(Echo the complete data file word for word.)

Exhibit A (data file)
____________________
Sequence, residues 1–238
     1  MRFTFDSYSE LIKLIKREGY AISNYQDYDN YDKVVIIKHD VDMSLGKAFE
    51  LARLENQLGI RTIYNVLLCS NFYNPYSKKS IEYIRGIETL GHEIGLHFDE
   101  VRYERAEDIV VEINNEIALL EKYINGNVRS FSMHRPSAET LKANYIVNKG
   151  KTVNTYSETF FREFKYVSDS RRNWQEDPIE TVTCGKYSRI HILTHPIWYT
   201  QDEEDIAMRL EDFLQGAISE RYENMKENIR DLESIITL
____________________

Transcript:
Sequence, residues 1–238
     1  MRFTFDSYSE LIKLIKREGY AISNYQDYDN YDKVVIIKHD VDMSLGKAFE
    51  LARLENQLGI RTIYNVLLCS NFYNPYSKKS IEYIRGIETL GHEIGLHFDE
   101  VRYERAEDIV VEINNEIALL EKYINGNVRS FSMHRPSAET LKANYIVNKG
   151  KTVNTYSETF FREFKYVSDS RRNWQEDPIE TVTCGKYSRI HILTHPIWYT
   201  QDEEDIAMRL EDFLQGAISE RYENMKENIR DLESIITL